4) This deck is at its best when it combines multiple cards together: Cat is weak without Oven, Priest is poor without creatures to sacrifice, Devil is a vanilla 3/3 without anything being sacrificed, and Kroxa is a weak discard spell without a way to fill our graveyard. If opponents disrupt our key pieces, especially by removal that exiles, we struggle. When they stick around and we can combine them, we thrive.


4 Mountain

4 Swamp

4 Blood Crypt

4 Fabled Passage

4 Dragonskull Summit

2 Castle Locthwain

1 Phyrexian Tower

According to pro player and mathematician Frank Karsten’s calculations on how many colored mana sources are needed to cast one’s spells consistently, we need at least 16 black (18 if we include sideboard Ashiok) and 14 red mana sources in this deck. I didn’t include paying BBRR for Kroxa’s escape on turn 4, as it rarely takes place that early. Karsten’s article uses 24 lands as a calculation base and we’ve got only 23, but with a total of 16 red and 18 black sources (19 when counting Phyrexian Tower), we are well above the minimal requirements. Fabled Passages are important not only as a mana fixer, but also as a way to ping with the Devil and fill the graveyard with escape fodder. I know that they sometimes slow down our early turns, but this build of the deck doesn’t aim to be the fastest possible and I feel that greater ability to find the right mana (especially second red mana for Kroxa) and the synergy they provide is worth it. Dragonskull Summit is a historic addition that allows us to keep the tempo without losing consistency. Two Castles Locthwain seem like a good compromise between long-term value and speed. Phyrexian Tower from Jumpstart is a great tool that lets us ramp up and sacrifice a creature at instant speed. While some builds play as many as 3 of them in the maindeck, I wouldn’t play more than 2 here to avoid further undermining our early game speed and consistency. Dreadhorde Butcher turn 2 is harder to cast with early Tower; we don’t run as much cheap Tower-fodder as Lurrus versions and don’t have Bolas’s Citadel that we want to put into play ASAP.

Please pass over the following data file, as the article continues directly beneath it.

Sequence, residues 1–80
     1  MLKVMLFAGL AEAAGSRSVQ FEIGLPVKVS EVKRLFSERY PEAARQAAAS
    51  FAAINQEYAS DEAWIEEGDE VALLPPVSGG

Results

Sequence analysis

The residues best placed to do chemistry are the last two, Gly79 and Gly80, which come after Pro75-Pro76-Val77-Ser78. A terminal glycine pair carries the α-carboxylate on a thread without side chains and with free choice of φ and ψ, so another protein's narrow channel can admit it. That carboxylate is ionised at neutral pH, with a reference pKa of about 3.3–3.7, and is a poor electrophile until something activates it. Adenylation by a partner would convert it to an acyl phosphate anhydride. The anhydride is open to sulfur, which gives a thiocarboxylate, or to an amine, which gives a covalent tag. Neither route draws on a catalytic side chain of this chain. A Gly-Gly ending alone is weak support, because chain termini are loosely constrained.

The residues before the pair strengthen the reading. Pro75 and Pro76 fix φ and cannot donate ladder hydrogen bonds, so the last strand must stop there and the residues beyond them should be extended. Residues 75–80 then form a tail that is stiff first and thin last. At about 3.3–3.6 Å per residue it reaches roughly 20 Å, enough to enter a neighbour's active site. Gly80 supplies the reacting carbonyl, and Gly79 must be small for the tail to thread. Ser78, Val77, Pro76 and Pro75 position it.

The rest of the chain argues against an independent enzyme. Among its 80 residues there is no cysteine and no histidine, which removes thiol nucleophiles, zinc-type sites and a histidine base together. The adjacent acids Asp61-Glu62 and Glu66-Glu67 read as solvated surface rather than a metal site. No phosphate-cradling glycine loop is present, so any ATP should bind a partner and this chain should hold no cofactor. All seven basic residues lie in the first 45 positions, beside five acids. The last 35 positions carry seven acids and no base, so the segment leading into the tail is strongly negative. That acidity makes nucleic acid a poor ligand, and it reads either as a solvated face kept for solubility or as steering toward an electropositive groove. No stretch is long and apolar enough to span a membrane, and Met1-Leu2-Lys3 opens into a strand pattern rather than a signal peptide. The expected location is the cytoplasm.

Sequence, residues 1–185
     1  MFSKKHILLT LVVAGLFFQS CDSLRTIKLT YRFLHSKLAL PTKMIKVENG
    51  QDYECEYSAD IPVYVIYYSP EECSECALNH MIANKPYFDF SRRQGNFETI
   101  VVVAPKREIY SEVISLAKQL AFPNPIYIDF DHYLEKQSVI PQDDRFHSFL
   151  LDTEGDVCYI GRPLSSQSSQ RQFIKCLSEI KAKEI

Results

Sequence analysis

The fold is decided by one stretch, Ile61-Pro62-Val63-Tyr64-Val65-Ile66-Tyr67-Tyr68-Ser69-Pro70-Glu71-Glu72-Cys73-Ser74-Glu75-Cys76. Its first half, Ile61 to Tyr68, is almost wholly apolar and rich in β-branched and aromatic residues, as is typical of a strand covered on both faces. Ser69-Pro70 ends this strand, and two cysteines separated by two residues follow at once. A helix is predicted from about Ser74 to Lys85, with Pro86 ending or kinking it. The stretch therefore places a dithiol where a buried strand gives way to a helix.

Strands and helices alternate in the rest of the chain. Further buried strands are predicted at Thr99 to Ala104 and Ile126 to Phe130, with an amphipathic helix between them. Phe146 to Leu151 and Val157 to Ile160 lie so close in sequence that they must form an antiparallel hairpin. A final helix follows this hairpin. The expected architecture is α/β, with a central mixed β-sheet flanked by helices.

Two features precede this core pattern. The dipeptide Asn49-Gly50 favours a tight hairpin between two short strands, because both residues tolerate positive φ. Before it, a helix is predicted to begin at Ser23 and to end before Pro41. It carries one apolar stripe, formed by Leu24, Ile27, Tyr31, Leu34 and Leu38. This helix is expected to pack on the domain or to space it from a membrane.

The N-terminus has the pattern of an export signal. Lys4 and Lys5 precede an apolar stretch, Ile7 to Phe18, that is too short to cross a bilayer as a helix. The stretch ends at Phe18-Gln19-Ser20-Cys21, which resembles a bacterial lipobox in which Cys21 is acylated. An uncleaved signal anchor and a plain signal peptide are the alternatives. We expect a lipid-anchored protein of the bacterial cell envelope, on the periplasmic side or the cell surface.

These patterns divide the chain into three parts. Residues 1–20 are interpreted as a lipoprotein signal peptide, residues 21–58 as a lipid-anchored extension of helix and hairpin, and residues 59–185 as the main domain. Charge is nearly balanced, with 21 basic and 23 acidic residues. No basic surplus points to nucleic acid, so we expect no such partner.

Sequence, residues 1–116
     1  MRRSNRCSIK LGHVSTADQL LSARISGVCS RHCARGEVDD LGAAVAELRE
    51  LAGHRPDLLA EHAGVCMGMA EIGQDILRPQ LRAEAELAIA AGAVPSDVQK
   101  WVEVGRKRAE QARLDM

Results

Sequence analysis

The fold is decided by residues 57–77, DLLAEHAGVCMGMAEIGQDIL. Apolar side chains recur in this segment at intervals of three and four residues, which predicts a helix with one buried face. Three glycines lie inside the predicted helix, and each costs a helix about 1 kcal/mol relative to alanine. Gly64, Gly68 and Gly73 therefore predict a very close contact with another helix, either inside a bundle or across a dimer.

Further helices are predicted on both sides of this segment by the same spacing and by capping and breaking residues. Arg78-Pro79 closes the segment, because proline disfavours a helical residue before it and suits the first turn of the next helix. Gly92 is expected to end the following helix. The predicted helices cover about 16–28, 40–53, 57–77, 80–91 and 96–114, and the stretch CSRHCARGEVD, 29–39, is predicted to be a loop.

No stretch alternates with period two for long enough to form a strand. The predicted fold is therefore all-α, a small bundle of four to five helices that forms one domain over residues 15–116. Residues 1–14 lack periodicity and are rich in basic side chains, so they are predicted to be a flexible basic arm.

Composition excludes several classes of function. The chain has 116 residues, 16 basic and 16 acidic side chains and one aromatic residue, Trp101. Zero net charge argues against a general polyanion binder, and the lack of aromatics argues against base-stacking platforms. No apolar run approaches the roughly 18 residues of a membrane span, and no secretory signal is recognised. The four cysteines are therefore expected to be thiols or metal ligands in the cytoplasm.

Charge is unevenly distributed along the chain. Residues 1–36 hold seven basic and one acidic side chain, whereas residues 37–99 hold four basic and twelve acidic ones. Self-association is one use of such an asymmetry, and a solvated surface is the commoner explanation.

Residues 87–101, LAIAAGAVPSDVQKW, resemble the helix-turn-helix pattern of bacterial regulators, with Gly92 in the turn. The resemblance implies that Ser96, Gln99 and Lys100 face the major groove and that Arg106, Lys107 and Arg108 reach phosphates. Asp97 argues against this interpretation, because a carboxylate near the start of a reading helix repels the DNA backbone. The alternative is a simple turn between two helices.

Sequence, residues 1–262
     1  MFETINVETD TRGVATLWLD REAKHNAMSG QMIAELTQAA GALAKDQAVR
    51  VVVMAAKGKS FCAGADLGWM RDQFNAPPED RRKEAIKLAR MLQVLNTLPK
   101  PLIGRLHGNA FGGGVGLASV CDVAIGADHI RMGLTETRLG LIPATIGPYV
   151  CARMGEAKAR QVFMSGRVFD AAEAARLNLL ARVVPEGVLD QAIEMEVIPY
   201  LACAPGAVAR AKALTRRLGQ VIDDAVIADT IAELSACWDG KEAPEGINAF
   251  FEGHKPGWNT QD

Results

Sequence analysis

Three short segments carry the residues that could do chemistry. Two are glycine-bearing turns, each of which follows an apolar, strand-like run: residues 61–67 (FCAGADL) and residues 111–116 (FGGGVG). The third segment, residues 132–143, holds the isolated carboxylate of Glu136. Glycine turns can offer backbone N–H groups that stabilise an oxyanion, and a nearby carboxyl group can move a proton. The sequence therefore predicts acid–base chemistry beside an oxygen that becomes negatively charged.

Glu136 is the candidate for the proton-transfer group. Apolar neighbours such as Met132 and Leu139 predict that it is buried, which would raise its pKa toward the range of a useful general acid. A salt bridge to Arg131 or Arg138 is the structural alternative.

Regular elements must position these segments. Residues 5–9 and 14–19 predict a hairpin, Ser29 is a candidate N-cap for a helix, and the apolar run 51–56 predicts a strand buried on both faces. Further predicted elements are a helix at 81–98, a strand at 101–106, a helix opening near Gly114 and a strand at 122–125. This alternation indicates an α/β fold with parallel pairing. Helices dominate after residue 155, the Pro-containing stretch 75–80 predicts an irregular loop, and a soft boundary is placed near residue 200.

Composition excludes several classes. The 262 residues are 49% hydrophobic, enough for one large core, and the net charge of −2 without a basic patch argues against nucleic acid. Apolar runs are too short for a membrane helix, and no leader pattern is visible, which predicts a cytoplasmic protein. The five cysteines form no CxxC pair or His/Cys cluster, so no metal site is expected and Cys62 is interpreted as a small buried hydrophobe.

Kroxa and Friends

4 Stitcher’s Supplier: One small creature from Historic, one giant leap for the whole archetype. This is the most efficient self-mill card in the format, together with a 1/1 body that can be easily sacrificed to Priest, Oven, Strider or Rankle. After death, it gives us a total of 7 sources of additional “graveyard card advantage”, including itself. That’s a lot of escape fodder and potential to “draw” a Kroxa, Strider, or Cat by putting it directly in the graveyard and recurring it.